Swami Vivekanand, an eloquent and eminent spiritualist of India, paid a visit to the Holy cave and was mystified by the icy-lingam in the Holy cave where Lord Shiva had dwelt upon perennial subjects of creation, life and immortality that have ever been intriguing humankind from the days of its creation. As per his well known biography Swami Vivekanand is reported to have conjectured about how the Holy Cave could have been discovered. The author writes ;-

 

            ‘I can well imagine how this cave was first discovered. A party of shepherds, one summer day, must have lost their flocks and wandered here in search of them. What must have been their feeling as they found themselves unexpectedly before this unmelting ice-lingam of white camphor, with the wall itself dripping offerings of water over it for centuries unseen of mortal eyes ? When they came home they whispered to other shepherds in the Valleys how they had suddenly come upon Mahadeva.’ 21

 

            On having entered the cave Swami Vivekananda was overwhelmed with a mystical experience. He had a darshan of Shiva. He called the place religious, inspiring and extremely beautiful. He wove meticulously beautiful poetry about the icy-lingam and its impact on his total psyche.

 

The tyrannical Rule of Sultan Sikander 

            Sultan Sikander, who had pawned his soul to a Sayyid-Sufi from Central Asia, Mir Mohammad Hamadani, was not only an iconoclast, but a misanthrope, hater of books, enemy of aesthetics and worst form of Islamist. He issued an atrocious and contemptuous government decree ordering the Kashmiri Hindus to get converted to Islam or flee the native land or get perished. As a result, thousands of Hindus were brutally massacred, thousands got converted and thousands fled the land for shelter.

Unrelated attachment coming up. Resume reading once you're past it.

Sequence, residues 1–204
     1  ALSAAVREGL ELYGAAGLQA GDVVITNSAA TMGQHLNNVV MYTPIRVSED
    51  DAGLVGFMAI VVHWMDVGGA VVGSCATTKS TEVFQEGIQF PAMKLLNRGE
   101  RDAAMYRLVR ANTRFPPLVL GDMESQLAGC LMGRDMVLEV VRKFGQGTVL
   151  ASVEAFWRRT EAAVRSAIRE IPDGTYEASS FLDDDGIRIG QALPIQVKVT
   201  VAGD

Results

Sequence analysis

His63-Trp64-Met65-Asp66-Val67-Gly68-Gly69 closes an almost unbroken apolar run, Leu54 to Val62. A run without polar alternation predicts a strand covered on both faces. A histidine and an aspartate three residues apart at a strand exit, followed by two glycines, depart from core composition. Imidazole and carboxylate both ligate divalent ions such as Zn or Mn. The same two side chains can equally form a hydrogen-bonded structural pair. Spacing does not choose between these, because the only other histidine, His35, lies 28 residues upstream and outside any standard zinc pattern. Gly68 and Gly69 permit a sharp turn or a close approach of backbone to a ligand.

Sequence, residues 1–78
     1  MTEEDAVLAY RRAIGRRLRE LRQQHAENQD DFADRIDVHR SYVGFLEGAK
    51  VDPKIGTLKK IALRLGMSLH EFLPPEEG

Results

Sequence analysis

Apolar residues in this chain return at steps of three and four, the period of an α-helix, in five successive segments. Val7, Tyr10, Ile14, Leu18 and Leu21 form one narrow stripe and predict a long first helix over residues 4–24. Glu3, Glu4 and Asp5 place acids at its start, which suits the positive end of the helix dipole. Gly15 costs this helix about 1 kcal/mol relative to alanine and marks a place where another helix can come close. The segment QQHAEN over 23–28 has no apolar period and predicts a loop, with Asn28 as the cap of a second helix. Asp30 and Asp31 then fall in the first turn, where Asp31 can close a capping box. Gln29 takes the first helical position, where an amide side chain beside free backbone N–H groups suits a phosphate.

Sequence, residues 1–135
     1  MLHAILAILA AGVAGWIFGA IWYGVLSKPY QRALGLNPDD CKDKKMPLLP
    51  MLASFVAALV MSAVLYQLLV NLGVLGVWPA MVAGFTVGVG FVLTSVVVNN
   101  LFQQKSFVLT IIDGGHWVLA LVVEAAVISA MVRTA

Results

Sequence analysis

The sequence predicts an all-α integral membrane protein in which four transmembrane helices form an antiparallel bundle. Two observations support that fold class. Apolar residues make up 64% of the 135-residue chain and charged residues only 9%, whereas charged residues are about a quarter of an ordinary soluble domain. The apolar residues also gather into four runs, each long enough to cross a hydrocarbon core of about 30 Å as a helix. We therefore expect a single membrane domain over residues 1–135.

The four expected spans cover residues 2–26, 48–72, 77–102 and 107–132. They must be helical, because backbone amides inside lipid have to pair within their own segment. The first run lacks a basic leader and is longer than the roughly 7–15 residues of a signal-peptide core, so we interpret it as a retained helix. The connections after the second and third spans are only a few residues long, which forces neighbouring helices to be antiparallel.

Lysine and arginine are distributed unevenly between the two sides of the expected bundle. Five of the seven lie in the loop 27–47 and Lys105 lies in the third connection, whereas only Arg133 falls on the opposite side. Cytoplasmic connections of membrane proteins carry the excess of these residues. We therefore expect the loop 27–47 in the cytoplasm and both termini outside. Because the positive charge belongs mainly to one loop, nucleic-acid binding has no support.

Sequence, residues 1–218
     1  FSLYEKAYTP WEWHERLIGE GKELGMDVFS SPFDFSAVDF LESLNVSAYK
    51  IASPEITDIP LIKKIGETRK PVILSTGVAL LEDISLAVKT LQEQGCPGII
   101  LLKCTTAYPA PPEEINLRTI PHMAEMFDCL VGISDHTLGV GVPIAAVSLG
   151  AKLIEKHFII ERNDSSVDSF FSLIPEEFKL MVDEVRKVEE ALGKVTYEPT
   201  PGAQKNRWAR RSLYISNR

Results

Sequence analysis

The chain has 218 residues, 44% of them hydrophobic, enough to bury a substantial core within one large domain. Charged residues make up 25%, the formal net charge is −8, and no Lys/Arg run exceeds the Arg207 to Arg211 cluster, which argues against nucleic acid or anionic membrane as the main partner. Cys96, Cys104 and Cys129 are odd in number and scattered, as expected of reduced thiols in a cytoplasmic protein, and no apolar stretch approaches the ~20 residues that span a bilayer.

The Sultan’s numerous crimes against humanity are :-

 

1.       He did not permit the Hindus to go to temples to pray and worship.22

 

2.       He did not permit them to blow a conch or tolll a bell.23

 

3.       He stopped Hindus from performing their religious practices and celebrating their festivals. 24

 

4.       He killed them if they put a tilak-mark on their foreheads.25

 

5.       At the apperance of the new moon, the Hindus were not allowed to worship or take out processions.26

 

6.       He burnt six mounds (1 mound = 37 kilos) of sacred threads worn by Hindus as a mark of their religious initation only after putting them to cruel death.27

 

7.       He stopped Hindus from undertaking pilgrimages to all Shivadhams (Amarnath, Sureshwar, Harsheshwar, Dyaneshwar, Mahadev Peak).28

 

8.       He stopped Hindus from burning their dead.29

 

9.       He demolished and destroyed the marvellous temples of Martand, Vijyeshwar, Chakrabrat, Tripureshwar, Sureshwari, Varah and many others.30

 

10.     He imposed the hated Jazia (poll-tax) on the Hindus, thus declaring them dhimmis.31

 

11.     He waged war on the Hindus when Mir Mohammad Hamadani declared them ‘Kafirs at war’.32

 

12.     He burnt books on Hindu knowledge, science, astronomy, astrology, music, dance, poetics and medicine.33